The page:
Now that I have a good understanding of how to design maker activities and the effects they have on student learning, it is time to explore how to assess these activities in the learning environment. I have always struggled with the idea of assigning a percent grade to any learning activity that does not have absolute values, like the design of products, presentations and collaboration. Assessment of right and wrong answers seems so much easier compared with assessments that focus of real world applicability, but have multiple correct answers and gray areas. Grading in black and white may be more automatic and less time consuming, but what is lost by implementing summative assessment rather than formative assessment? Multiple choice questions do not have much ability in dealing with the gray areas or telling us great detail about the learner’s current level of knowledge. Thankfully there are ways to easily set expectations and assess the learning of maker-inspired assignments.
As described by Grant Wiggins, “We can and do measure anything: critical and creative thinking, wine quality, doctors, meals, athletic potential, etc.” (2012). Grant Wiggins’ rubric on creativity gives me hope in the ability to appropriately assess learning within the maker space. Having a rubric for students and instructors to reference establishes the values that will count towards a numeric grade. Assessment becomes transparent and includes important elements such as creativity, professionalism, focus on audience and purpose. Breaking these criteria down into a rubric makes grading much easier compared with attempting to assign a grade while thinking of all the elements together. The rubric allows the grader to focus on the specific criteria to fairly grade the assignment one element at a time. One simple way to think about grading creativity is based on whether a learner’s product was engaging or not. Wiggins found, “students easily understood the difference between “engaging” and “not engaging” and accepted the assessment criterion as common sense. Oh, you mean you don’t want it to be dull and boring, said one kid? Uh, yes. Oh, we didn’t think that mattered in school writing, said a girl. Exactly” (2012). The previous example rings true with me. I recall how robotic my work was at all levels of my education. With a new focus on creativity, I see that my past work would not have meet the rubric criteria. Fortunately, we now have building support to promote and assess creativity in the maker space.
Another important style of assessment is brought to light by James Paul Gee in terms of grading with games (2010). He talks of how video games constantly assess the player and provide feedback as to how well they are doing every step of the way. The player can fail, reflect and try again. We can imagine how this relates to the maker space. Learners are designing, building, moving and interacting while instructors provide constraint support and feedback. This assessment allows the instructors to view the representation of the learner’s current state of knowledge and opens a pathway to intervention and teaching moments. The production of such projects also allows instructors to compare learner’s first iterations with final protects over time. Gee also makes on interesting observation in relation to reading the game manual before playing the game. He compares this to reading a text book before interacting with the subject in the real world. Gee did not understand the textbook until he first experimented with the game. But after playing the game, the manual made sense as he then knew the elements referenced in the book. Gee could have memorized the manual, never interacted with the game and passed a summative assessment, but would that be a fair assessment of understanding? Could he utilize that information in the real world? I believe, for the most part, we would all agree “no”. So as I move forward into the assessment of maker-lessons, I will regularly revisit my planned activities to verify the assessment meet desired objectives and to make sure learning develops into understanding that can be utilized to solve real world problems.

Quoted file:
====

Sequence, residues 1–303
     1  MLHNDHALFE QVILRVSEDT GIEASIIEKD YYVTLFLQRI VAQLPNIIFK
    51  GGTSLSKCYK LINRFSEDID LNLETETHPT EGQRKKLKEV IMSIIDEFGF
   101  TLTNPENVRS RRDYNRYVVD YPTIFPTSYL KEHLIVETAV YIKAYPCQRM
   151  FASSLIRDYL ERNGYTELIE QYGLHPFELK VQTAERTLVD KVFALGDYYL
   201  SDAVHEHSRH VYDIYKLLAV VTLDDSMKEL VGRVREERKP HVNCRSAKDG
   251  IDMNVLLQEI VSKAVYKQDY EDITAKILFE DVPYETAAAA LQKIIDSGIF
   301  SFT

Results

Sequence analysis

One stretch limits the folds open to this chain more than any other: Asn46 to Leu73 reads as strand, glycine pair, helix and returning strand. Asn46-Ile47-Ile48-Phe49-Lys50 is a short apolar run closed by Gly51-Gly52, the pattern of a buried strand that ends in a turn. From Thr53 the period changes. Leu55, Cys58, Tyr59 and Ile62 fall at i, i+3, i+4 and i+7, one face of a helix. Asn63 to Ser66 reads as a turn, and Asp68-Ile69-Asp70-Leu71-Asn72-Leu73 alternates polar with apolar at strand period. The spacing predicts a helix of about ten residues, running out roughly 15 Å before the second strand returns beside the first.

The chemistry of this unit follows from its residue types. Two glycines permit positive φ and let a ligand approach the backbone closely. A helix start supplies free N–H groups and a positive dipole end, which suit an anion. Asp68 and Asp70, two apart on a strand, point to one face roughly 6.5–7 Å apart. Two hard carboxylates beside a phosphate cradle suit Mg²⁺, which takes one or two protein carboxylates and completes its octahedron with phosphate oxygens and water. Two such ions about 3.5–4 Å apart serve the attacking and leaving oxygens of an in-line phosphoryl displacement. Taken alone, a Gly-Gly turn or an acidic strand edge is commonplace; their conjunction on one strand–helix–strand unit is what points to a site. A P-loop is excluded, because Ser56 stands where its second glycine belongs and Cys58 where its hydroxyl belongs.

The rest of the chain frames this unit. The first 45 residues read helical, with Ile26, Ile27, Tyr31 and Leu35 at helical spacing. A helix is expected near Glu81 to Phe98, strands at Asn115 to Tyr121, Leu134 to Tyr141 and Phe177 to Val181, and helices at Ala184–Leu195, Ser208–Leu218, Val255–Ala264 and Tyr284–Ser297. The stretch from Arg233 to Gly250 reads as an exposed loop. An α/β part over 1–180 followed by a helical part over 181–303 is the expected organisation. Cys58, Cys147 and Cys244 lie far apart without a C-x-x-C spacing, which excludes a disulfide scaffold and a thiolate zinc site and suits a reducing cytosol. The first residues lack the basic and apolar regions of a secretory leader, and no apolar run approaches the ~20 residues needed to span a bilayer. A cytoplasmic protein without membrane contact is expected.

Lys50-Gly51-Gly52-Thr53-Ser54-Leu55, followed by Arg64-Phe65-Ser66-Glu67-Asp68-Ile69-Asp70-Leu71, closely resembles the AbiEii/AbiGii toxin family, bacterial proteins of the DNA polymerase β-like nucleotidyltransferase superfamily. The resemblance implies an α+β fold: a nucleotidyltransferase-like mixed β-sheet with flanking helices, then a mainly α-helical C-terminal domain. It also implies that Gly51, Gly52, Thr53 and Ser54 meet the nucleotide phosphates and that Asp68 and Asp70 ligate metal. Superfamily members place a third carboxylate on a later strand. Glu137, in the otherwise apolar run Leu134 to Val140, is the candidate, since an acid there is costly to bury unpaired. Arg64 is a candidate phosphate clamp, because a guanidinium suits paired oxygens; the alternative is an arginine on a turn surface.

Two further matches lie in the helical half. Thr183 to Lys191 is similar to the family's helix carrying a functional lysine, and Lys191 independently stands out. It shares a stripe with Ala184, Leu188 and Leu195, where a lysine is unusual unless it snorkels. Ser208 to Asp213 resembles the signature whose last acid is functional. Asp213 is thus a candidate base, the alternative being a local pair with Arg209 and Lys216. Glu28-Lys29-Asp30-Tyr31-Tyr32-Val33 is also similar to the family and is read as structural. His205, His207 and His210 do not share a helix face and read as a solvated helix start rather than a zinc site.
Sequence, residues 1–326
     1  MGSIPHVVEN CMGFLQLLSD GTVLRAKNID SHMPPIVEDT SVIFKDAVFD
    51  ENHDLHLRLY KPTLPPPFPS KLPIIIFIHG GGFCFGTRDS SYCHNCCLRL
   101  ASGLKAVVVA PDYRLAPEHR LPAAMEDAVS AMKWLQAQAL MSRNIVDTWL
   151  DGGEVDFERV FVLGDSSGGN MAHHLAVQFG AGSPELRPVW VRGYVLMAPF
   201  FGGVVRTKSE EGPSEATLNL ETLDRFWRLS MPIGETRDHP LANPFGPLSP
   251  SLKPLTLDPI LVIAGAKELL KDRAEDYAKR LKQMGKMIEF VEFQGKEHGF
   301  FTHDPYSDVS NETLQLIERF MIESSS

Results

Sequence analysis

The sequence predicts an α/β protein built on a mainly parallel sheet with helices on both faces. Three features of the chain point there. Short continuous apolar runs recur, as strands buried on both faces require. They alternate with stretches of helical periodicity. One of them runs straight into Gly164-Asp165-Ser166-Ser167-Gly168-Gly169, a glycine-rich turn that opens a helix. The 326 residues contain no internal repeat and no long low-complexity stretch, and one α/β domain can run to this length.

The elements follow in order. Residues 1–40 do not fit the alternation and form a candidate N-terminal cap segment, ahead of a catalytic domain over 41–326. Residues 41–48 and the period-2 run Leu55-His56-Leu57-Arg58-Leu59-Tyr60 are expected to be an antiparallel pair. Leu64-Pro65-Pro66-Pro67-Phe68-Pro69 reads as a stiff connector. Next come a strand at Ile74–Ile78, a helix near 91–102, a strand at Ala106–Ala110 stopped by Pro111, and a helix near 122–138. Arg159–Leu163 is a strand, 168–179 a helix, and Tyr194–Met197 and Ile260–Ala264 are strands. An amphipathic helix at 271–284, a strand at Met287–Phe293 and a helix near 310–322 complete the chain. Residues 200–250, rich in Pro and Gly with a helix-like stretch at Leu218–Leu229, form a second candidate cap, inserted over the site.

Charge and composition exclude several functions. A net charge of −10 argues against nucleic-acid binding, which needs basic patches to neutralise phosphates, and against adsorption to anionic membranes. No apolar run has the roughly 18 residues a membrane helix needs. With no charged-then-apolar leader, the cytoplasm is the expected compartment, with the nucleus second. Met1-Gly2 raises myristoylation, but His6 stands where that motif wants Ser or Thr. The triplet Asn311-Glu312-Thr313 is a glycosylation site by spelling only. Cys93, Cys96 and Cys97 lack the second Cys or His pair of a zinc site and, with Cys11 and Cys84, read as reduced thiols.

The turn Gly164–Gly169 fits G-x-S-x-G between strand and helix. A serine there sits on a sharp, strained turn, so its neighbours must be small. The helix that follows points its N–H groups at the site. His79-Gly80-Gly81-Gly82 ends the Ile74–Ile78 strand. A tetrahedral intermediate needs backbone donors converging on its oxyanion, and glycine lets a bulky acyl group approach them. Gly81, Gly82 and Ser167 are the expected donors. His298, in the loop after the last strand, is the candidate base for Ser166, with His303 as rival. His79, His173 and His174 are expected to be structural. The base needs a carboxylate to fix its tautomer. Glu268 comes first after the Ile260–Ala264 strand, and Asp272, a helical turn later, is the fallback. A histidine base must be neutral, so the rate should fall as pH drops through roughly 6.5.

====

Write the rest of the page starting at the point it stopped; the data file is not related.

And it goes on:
Gee, James Paul. “James Paul Gee on Grading with Games.” YouTube, uploaded by Edutopia, 20 July 2010, https://www.youtube.com/watch?v=JU3pwCD-ey0.
Geralt. Evaluation. 2016, JPEG, Retrieved from https://pixabay.com/en/district-evaluation-assessment-1264717/.
Wiggins, Grant. “On assessing for creativity: yes you can, and yes you should.” Granted, and… ~ thoughts on education by Grant Wiggins, Friday, February 3rd, 2012. https://grantwiggins.wordpress.com/2012/02/03/on-assessing-for-creativity-yes-you-can-and-yes-you-should/ Retrieved on August 16, 2016.